Water crowfoot, Linda Pitkin 2020VISION

Water crowfoot, Linda Pitkin 2020VISION

This wonderful submerged aquatic plant is found trailing in fast flowing, clean waters. Often simply referred to as “weed” by many river users, this plant provides valuable shelter to fish and invertebrates and during summer months produce delicate white flowers on the water’s surface – what a delight!

Otter, Mark Hamblin

Otter, Mark Hamblin 

Chances are you won’t see these elusive creatures – but that doesn’t mean they are not there! During the day they hide out under bankside tree roots, hollows and log piles, but will come out at night to hunt for fish. Look out for signs of otter – their dung or “spraints” are used to mark territory and can be found on top of rocks – particularly around bridges. Otter spraint smells faintly of jasmine – but you’re welcome to leave the poo-sniffing to the ecologists! 

Floating along a river in a canoe or kayak offers a wonderful and unique way to watch wildlife – as long as it done with a few key things in mind! The main thing to remember is to keep disturbance to an absolute minimum.

Be mindful of the time of year you’re paddling. In the spring when birds are nesting in your garden, others will be nesting along our river banks. Species such as little grebe, moorhen and coot nest in vegetation along the river margins, therefore avoid these densely vegetated areas when passing between the water and bank. These areas can also be home to water vole, a protected species that tend to inhabit slower flowing areas of river and live in bankside holes – all the more reason to avoid disturbing this important bankside habitat. Additionally, it’s always best to give any water fowl with chicks plenty of room to prevent them being spooked.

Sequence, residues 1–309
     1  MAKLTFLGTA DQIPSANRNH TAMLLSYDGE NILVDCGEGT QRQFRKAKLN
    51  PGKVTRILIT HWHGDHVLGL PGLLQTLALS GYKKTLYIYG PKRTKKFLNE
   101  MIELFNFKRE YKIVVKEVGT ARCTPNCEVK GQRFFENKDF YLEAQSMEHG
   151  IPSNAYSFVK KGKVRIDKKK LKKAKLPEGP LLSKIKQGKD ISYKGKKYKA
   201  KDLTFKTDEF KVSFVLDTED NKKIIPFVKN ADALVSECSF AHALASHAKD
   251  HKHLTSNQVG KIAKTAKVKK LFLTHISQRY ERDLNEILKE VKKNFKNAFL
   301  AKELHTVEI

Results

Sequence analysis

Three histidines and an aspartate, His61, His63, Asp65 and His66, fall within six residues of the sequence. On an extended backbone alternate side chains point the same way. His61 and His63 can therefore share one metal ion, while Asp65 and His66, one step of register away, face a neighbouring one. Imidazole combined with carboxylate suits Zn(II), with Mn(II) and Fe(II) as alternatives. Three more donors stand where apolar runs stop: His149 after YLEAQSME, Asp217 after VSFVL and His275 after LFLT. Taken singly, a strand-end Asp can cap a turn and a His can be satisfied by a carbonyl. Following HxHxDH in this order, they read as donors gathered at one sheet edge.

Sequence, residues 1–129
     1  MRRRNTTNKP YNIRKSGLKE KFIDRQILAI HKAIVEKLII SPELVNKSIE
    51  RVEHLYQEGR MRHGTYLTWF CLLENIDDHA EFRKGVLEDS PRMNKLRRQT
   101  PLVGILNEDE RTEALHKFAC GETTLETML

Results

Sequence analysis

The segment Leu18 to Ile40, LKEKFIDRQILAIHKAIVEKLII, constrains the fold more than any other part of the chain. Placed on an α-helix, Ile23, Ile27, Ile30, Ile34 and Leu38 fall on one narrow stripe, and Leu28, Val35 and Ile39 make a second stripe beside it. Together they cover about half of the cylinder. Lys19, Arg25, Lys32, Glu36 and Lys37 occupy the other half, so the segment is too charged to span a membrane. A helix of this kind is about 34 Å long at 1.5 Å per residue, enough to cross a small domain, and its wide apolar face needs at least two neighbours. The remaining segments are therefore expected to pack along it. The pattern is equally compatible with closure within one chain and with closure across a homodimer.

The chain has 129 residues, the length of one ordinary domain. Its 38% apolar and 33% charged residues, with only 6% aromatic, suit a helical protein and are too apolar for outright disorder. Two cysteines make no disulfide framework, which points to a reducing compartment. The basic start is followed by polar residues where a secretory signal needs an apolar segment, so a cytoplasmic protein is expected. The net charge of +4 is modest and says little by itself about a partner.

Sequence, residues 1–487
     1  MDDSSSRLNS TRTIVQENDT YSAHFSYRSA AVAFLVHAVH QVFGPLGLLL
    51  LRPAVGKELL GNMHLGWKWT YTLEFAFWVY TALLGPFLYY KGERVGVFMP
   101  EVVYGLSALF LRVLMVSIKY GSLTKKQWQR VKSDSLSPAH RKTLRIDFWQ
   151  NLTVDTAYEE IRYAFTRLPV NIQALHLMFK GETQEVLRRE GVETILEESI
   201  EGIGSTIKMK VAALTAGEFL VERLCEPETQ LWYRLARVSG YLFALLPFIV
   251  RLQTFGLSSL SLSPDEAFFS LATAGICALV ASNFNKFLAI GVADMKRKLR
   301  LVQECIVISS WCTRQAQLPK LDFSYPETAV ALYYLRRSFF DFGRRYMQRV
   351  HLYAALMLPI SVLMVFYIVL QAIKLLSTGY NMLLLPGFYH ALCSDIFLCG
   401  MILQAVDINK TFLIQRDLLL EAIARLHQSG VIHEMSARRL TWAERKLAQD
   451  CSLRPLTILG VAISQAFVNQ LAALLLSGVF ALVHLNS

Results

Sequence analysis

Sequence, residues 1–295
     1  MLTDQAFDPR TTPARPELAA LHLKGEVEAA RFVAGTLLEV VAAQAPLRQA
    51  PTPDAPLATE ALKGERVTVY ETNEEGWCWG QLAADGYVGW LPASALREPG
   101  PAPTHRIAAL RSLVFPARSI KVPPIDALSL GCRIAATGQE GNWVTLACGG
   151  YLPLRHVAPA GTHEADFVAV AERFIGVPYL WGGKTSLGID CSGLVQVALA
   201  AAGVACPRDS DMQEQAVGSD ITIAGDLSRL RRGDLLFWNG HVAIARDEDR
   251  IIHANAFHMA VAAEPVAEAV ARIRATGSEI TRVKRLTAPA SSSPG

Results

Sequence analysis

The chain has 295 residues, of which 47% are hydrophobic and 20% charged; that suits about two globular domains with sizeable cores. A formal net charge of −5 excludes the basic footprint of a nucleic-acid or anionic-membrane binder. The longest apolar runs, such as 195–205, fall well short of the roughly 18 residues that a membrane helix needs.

Care should also be taken in autumn and winter when fish spawning takes place. Species, such as trout, excavate hollows in the gravels on the river bed in which they lay their eggs. These “redds” rely on being free from fine sediment and need plenty of well-oxygenated water flowing over them to hatch successfully. Therefore during the autumn and winter months avoid disturbing these gravelly areas and stirring up lots of sediment.  At other times of the year try and avoid “loitering” in the deeper pools where fish tend to congregate and use as a refuge away from predators.

Sadly, not all of the wildlife along our rivers is welcome. Many troublesome invasive species are now common inhabitants of our rivers and pose a threat to our native flora and fauna– in particular Himalayan balsam, Japanese knotweed, mink and signal crayfish.

Biosecurity is a top priority. To stop the spread of non-native invasive species all river users should be undertaking the “check-clean-dry” policy with their equipment and clothes. Please don’t forget to do this – it really is vitally important to our waterways.

Finally, don’t forget to let us know what wildlife you’ve seen! You’re records can be extremely valuable and can help us to protect our rivers. They are wonderful places for nature, wellbeing and recreation. Together as a network of river-lovers we can maintain and enhance this precious environment.  

Ready to take to the water?

Sign up for our fundraising campaign - a 9km run and 8km canoe down the River Trent all to raise money for wildlife! 

Wild Trent Challenge

Sign up now

Wild Trent Challenge, Jack Roper